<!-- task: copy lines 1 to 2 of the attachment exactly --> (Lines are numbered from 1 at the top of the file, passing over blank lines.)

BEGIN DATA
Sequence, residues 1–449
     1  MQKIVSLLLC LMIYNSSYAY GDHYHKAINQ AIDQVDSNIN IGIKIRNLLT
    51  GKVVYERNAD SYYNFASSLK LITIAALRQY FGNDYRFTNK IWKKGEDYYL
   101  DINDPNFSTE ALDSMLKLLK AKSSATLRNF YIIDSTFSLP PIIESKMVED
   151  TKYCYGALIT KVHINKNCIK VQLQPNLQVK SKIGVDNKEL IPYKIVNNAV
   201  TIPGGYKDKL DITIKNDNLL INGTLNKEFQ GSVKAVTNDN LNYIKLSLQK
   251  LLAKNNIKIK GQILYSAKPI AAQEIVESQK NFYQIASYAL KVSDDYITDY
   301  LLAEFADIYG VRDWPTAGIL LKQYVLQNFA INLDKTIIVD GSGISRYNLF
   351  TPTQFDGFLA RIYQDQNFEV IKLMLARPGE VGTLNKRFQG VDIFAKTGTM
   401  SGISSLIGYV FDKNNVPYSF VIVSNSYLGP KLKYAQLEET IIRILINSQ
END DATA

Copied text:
Sequence, residues 1–449
     1  MQKIVSLLLC LMIYNSSYAY GDHYHKAINQ AIDQVDSNIN IGIKIRNLLT